Phospholipids are similar to the triglycerides with a couple of exceptions. Phospholglycerides are esters of only two fatty acids, phosphoric acid and a trifunctional alcohol - glycerol (IUPAC name is 1,2,3-propantriol). The fatty acids are attached to the glycerol at the 1 and 2 positions on glycerol through ester bonds. There may be a variety of fatty acids, both saturated and unsatured, in the phospholipids.
The third oxygen on glycerol is bonded to phosphoric acid through a phosphate ester bond (oxygen-phosphorus double bond oxygen). In addition, there is usually a complex amino alcohol also attached to the phosphate through a second phosphate ester bond. The complex amino alcohols include choline, ethanolamine, and the amino acid-serine. The properties of a phospholipid are characterized by the properties of the fatty acid chain and the phosphate/amino alcohol. The long hydrocarbon chains of the fatty acids are of course non-polar. The phosphate group has a negatively charged oxygen and a positively charged nitrogen to make this group ionic. In addition there are other oxygen of the ester groups, which make on whole end of the molecule strongly ionic and polar.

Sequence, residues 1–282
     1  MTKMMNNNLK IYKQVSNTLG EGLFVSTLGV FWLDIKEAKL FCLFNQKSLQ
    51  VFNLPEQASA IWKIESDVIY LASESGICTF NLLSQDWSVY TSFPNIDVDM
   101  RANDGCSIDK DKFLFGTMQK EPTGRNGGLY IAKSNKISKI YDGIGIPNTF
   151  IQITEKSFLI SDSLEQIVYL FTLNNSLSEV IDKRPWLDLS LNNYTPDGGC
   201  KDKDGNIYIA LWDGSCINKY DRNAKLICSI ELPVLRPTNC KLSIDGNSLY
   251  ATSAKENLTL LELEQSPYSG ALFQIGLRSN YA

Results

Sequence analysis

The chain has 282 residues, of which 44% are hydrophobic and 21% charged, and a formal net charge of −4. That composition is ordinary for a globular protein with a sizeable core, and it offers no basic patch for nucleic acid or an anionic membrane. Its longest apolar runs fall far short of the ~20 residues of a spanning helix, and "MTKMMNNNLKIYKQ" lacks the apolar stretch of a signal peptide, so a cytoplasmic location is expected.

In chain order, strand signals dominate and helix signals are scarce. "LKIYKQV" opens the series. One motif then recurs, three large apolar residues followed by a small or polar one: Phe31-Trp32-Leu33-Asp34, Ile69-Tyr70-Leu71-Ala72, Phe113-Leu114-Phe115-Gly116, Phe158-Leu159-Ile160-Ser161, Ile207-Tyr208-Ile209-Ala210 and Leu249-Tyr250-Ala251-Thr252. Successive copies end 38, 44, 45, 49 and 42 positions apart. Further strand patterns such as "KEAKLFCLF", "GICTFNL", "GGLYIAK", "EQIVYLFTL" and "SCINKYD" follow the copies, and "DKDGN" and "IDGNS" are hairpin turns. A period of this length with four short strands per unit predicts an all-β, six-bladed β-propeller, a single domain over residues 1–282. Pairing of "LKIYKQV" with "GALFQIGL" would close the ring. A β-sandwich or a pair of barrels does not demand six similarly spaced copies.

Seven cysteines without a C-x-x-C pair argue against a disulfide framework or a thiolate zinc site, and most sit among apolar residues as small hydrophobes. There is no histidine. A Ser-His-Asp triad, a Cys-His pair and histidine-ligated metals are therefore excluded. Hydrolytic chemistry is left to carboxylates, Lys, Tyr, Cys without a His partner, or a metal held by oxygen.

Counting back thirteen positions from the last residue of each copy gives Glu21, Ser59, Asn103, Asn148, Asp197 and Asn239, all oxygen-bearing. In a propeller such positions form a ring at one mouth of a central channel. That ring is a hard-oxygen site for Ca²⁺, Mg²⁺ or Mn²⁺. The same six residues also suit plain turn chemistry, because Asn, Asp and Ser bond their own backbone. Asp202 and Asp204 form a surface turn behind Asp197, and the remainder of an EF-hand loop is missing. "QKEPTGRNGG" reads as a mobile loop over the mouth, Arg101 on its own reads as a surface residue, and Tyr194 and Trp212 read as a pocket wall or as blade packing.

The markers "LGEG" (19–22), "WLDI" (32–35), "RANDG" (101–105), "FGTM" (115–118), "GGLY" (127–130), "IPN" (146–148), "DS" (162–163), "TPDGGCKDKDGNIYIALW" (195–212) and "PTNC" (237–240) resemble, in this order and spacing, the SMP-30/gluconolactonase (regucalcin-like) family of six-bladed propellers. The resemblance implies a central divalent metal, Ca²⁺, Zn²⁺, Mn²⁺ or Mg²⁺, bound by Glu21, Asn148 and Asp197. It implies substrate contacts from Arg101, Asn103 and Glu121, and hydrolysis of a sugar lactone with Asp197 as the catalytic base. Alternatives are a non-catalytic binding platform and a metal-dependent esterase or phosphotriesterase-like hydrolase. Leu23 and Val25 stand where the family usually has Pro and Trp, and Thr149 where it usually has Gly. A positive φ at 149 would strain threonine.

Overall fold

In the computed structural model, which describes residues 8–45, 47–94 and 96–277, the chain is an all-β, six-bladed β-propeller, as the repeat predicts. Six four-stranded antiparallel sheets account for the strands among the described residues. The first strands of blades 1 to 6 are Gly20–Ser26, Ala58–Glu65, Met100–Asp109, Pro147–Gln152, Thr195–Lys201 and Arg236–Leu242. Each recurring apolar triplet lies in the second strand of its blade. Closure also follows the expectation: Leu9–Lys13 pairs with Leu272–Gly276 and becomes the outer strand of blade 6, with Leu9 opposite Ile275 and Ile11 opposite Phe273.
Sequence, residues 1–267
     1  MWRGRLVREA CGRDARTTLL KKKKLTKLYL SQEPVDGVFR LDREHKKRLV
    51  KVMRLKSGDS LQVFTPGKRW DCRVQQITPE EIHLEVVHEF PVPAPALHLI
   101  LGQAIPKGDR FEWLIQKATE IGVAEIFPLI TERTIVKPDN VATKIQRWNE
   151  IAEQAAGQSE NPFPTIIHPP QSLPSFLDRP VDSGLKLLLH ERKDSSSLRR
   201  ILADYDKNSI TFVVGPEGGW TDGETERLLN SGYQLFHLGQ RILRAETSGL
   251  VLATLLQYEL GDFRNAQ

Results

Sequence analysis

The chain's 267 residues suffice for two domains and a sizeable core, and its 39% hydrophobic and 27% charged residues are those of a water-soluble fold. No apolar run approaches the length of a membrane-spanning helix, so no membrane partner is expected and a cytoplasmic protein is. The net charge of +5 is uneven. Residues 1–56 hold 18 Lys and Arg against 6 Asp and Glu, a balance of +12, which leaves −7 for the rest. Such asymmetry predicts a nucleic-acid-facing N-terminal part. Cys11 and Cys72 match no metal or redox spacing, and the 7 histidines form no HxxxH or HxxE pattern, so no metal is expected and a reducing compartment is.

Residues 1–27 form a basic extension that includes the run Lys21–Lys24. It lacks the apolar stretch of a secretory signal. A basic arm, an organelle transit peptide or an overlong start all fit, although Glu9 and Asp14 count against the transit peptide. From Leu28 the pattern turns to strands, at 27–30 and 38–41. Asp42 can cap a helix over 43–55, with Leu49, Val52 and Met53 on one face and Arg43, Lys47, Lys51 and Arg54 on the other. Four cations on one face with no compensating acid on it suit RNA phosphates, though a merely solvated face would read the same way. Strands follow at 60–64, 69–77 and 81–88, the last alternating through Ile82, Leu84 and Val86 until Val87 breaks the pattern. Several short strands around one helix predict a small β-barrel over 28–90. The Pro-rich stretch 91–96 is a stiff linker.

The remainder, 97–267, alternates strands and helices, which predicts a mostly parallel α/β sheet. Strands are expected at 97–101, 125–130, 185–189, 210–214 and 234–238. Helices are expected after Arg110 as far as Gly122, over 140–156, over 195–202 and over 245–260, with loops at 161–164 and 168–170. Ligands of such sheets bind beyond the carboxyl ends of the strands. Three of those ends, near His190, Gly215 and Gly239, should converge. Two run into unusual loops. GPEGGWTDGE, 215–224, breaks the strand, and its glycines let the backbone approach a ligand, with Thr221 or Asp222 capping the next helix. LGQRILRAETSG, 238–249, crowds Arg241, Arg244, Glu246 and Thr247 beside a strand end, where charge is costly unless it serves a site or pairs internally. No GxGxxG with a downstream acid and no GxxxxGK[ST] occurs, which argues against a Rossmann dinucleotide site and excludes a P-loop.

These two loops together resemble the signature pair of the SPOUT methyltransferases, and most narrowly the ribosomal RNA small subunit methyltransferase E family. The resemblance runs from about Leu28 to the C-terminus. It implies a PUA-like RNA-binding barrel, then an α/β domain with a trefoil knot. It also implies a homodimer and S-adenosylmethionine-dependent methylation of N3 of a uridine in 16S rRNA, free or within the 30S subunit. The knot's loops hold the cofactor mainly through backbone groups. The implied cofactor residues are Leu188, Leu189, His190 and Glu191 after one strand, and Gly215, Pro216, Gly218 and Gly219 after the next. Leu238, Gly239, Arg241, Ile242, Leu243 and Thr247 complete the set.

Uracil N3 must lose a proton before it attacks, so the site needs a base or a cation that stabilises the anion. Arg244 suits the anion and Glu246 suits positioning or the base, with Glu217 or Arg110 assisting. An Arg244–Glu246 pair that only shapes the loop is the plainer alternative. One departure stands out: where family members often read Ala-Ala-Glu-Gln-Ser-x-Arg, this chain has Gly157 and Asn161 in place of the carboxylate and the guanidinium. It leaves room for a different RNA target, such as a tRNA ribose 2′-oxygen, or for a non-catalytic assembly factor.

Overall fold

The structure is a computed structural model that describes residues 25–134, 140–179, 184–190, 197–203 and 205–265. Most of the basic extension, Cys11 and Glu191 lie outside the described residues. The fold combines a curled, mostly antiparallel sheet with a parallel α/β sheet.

Phospholipids are major components in the lipid bilayers of cell membranes. There are two common phospholipids:
- Lecithin contains the amino alcohol, choline.
- Cephalins contain the amino alcohols serine or ethanolamine
Lecithin is probably the most common phospholipid. It is found in egg yolks, wheat germ, and soybeans. Lecithin is extracted from soy beans for use as an emulsifying agent in foods. Lecithin is an emulsifier because it has both polar and non-polar properties, which enable it to cause the mixing of other fats and oils with water components. See more discussion on this property in soaps. Lecithin is also a major component in the lipid bilayers of cell membranes.
Lecithin contains the ammonium salt of choline joined to the phosphate by an ester linkage. The nitrogen has a positive charge, just as in the ammonium ion. In choline, the nitrogen has the positive charge and has four methyl groups attached.
Cephalins are phosphoglycerides that contain ehtanolamine or the amino acid serine attached to the phosphate group through phosphate ester bonds. A variety of fatty acids make up the rest of the molecule. Cephalins are found in most cell membranes, particularly in brain tissues. They also iimportant in the blood clotting process as they are found in blood platelets.
Note: The MEP coloration of the electrostatic potential does not show a strong red color for the phosphate-amino alcohol portion of the molecule as it should to show the strong polar property of that group.
- Charles Ophardt, Professor Emeritus, Elmhurst College; Virtual Chembook